The perils and the benefits of refinancing debt (but first, the perils)

I had a bad habit in my twenties and early thirties. Practically a ruinous one. And it’s something I see a lot of other people in a similar position get into.

I’d gradually run up debt on a couple of credit cards. I only ever paid the minimum monthly payment — this was before the days where a credit card statement was required to disclose how long it would take to pay the debt off and at what cost, so I kind of saw the minimum payment as a “recommended” one. Also, I always felt I needed every cent of my paycheck (and then some (hence the creeping debt). Paying more than the minimum was a luxury I couldn’t afford (though oddly, I could afford a number of other luxuries like new clothes, restaurant meals, drinks and tickets to shows).

But, as a result of adding more debt while not paying any extra off, those minimum payments would creep up. Having more money going to minimum payments meant less discretionary money, which (since I failed to adjust my lifestyle accordingly) meant even more credit card use.

And so the cycle would continue until even those minimum payments were a real burden. I was always scrupulous about paying on time, but it would get to a point where I feared I’d soon no longer be able to make the payments. Typically a period of frugality would ensue, where I cut out all fun and worked hard to spend as little as possible and maybe put a little bit extra toward the credit cards.

Then, inevitably, an offer would come in the mail for a new credit card. 0% interest for 12 months or some similar offer would be dangled before my stressed-out eyes. I always had great credit, so I’d always get approved for the new card. I’d transfer some or all of my other credit card balances over — sure, 3% of my balance would get added as new debt for the privilege, but it seemed a small price to pay.

My old cards would suddenly have little or no minimum payments. The new card wouldn’t bill me for a month, and when it did, the 0% interest meant a smaller payment than I’d made cumulatively on the balances before.

Suddenly I’d have some breathing room in my budget; money left over in my checking account after paying all my bills. I’d have the best intentions to use all that extra money to start paying down that balance before the 0% period expired.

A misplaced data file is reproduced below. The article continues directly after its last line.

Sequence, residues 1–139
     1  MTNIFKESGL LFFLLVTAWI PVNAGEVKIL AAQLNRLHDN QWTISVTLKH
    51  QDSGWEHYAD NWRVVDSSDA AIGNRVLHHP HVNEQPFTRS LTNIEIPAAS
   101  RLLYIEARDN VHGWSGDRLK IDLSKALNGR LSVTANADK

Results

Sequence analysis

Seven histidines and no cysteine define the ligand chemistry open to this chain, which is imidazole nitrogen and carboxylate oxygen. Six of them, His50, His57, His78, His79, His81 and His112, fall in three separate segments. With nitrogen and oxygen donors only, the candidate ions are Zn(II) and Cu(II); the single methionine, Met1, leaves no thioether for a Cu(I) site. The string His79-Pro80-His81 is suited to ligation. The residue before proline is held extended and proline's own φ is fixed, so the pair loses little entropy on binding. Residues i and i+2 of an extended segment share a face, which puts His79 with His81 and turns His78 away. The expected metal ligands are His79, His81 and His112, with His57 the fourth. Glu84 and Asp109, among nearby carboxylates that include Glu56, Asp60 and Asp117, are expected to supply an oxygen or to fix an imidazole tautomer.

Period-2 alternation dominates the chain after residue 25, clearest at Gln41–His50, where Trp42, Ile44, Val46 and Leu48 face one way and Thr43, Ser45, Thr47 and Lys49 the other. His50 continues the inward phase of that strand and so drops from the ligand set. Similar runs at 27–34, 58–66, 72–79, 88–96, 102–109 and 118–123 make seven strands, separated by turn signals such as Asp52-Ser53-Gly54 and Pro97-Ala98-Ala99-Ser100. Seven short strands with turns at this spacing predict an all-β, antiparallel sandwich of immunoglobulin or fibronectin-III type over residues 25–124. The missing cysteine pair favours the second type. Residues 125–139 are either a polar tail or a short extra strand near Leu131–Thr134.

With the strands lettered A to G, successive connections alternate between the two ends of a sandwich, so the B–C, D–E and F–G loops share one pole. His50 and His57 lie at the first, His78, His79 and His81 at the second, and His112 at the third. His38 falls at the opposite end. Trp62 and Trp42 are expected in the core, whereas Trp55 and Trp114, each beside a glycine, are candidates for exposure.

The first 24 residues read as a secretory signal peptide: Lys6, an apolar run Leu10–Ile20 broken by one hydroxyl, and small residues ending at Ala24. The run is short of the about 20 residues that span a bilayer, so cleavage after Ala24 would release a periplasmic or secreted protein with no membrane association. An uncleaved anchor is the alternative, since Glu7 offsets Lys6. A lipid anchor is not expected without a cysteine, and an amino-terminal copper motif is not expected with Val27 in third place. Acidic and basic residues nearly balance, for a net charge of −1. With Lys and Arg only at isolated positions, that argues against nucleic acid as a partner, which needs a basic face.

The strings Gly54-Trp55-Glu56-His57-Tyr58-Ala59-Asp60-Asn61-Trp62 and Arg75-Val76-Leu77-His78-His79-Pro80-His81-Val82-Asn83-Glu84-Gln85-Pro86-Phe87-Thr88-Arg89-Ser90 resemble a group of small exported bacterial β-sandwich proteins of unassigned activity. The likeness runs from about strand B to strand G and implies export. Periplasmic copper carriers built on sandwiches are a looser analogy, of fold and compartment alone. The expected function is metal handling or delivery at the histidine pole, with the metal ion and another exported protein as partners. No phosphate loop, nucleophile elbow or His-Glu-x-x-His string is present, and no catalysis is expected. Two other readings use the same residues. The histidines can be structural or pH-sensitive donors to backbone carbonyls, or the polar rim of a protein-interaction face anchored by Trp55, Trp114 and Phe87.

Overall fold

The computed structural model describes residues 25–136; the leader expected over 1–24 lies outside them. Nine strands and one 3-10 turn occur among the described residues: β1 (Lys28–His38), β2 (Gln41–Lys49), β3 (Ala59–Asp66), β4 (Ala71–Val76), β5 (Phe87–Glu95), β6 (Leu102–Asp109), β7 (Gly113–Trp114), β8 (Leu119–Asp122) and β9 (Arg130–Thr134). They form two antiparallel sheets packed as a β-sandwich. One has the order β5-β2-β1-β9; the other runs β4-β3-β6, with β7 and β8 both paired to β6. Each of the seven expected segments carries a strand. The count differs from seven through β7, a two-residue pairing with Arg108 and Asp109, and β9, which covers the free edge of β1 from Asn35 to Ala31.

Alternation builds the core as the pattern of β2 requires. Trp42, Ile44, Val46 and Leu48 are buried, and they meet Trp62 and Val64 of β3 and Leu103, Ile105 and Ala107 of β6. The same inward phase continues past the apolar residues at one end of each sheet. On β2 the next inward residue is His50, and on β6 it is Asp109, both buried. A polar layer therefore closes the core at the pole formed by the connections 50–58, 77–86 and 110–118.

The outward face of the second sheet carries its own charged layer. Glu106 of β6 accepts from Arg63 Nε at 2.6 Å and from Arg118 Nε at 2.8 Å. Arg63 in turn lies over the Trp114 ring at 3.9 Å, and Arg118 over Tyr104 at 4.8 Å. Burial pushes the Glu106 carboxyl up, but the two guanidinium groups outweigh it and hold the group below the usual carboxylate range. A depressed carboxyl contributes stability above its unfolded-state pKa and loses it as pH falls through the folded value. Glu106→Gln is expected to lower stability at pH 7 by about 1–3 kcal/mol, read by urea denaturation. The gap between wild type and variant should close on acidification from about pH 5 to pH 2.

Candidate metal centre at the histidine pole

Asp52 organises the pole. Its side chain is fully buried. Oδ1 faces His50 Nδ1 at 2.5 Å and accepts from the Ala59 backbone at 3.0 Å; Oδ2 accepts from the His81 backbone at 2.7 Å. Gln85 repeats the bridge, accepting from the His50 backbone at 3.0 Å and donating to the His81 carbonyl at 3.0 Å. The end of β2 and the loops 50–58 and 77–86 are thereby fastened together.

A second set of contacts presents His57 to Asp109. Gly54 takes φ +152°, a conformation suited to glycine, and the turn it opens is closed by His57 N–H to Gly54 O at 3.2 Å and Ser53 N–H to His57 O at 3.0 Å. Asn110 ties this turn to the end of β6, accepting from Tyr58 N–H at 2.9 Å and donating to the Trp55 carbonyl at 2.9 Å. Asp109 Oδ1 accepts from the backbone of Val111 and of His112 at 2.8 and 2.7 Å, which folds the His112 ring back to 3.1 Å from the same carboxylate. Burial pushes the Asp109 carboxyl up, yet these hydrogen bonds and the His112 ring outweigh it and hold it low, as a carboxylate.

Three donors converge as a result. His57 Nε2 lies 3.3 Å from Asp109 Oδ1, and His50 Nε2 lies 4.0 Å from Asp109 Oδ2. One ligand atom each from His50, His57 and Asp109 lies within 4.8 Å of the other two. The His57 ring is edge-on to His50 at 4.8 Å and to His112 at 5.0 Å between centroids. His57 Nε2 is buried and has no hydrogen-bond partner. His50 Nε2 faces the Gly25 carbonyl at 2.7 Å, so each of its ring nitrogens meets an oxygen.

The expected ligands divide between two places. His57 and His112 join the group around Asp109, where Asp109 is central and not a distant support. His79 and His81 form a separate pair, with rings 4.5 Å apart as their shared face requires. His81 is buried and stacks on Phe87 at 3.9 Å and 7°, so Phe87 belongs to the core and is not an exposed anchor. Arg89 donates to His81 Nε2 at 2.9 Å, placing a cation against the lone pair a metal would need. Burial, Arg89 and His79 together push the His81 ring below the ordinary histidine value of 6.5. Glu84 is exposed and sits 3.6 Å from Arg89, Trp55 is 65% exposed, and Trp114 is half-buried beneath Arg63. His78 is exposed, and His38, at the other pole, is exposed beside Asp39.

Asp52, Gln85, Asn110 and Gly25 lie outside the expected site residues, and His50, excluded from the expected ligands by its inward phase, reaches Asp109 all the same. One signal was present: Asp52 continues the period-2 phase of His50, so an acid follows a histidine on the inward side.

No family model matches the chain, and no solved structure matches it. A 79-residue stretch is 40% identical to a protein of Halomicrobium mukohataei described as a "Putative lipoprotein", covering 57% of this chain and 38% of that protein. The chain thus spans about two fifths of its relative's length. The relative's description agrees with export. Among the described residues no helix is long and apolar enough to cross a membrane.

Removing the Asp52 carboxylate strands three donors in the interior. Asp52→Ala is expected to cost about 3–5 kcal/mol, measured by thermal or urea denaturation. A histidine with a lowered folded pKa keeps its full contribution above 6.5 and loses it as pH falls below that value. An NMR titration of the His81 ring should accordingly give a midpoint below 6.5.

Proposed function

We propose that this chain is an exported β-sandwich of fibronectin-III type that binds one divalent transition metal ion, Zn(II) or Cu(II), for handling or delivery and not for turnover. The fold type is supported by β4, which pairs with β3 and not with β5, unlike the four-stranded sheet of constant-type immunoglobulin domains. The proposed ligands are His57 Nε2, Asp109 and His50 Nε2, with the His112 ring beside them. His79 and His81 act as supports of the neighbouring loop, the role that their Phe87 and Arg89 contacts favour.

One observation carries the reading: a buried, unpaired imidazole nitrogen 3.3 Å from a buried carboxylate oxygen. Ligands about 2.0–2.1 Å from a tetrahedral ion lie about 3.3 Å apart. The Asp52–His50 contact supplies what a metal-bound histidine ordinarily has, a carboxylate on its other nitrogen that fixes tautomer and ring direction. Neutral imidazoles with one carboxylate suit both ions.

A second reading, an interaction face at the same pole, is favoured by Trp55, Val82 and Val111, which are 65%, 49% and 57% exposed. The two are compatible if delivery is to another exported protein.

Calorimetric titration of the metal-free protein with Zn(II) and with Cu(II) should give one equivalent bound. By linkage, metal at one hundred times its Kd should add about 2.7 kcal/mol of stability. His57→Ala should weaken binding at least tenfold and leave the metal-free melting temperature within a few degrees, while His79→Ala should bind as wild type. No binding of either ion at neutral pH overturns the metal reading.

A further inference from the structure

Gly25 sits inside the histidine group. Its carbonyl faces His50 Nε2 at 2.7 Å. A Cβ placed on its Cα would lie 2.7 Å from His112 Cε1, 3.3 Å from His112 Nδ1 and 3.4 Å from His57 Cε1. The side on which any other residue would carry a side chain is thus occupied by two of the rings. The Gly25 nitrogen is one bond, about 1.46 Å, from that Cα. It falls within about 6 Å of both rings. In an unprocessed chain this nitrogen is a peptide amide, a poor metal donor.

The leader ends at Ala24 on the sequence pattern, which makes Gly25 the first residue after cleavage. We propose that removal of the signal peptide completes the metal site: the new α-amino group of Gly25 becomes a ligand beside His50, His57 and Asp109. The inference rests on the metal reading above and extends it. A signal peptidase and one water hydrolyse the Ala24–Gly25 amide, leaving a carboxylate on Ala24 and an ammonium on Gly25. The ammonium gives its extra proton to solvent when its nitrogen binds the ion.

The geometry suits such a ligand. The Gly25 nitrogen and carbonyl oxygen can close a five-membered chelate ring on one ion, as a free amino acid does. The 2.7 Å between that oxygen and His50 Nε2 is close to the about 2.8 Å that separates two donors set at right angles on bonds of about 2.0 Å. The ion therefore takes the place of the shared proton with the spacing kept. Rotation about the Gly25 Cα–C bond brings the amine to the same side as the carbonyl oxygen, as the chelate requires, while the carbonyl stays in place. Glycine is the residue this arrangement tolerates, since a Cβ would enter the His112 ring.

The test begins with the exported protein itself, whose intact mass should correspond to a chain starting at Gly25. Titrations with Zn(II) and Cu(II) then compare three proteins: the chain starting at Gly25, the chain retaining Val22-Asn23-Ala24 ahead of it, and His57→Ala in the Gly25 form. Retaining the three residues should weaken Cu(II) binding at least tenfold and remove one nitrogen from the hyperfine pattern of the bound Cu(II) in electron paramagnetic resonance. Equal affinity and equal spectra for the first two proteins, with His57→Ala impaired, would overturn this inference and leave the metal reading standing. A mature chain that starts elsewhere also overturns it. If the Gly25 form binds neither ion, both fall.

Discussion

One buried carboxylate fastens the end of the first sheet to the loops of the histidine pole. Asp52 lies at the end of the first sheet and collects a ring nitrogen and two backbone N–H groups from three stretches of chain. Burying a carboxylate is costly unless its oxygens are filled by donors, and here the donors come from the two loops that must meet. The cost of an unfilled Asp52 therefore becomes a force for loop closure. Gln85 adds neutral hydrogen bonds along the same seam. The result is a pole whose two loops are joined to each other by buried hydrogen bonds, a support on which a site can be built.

But somehow, even though I had the same amount of debt that was stressing me out before, having the lower monthly payments just made it seem less of a crisis. I’d loosen up on the spending a little bit. What was meant to be a little break from the frugality simply became my new normal, so that extra money in the checking account would start to get spent instead of sent to the cards.

And then, when I got used to that level of spending, I’d start eyeing my old cards, which now had tiny or no balances on them. Spending a little bit would only trigger a $25 minimum payment; no big deal, right?

And before I knew it, they had balances again. And before I knew it, the 0% period would be up and my minimum payment on the new card would be punishingly high. And I’d cycle through again: going to an extreme of frugality, getting a new 0% offer, transferring balances, spending up the old cards again.

When I finally hit a wall where even I could see that cycle couldn’t continue much longer without missing payments, the fear of default shocked me into a different state of mind. For a long time, I put virtually every extra penny toward debt. (With a few carefully planned release valves of fun, having learned my lesson about overdoing frugality.)

But I did do two more balance transfers to consolidate my consumer debt. One was a credit card with a fixed 3.9% interest rate on transferred balances. Not as good as a 0%, but the fixed rate meant I wouldn’t suffer the fate of having a ballooning payment. The other one was an unsecured loan. At 8.9%, the interest rate was good but not spectacular. The thing that attracted me to it: there was no fee to put my balances on it, it wasn’t a credit card so I couldn’t add to the balance, and there were fixed payments for 60 months, so it would be paid off in 5 years at the latest.

Those two balance transfers really helped me because they not only reduced the number of bills I had but also reduced my monthly interest payments, enabling me to put more money toward debt. And the terms were better for where I was in life, unsure how fast I’d be able to pay down those balances.

But the only thing that ensured it was a good decision to do those two balance transfers was my being serious about getting out of debt once and for all. If I hadn’t been ready, I’d have started spending the newly freed-up credit on my old cards. Nothing can stop that except your will and determination not to do it.

So the only time I’d ever recommend a balance transfer is if you’re so serious about getting out of debt that you would never consider using the old cards (or the extra money in your budget). It’s hard to know when you’re at that point, but using balance transfers repeatedly without being serious about it can be disastrous.

magnifying glass on bills

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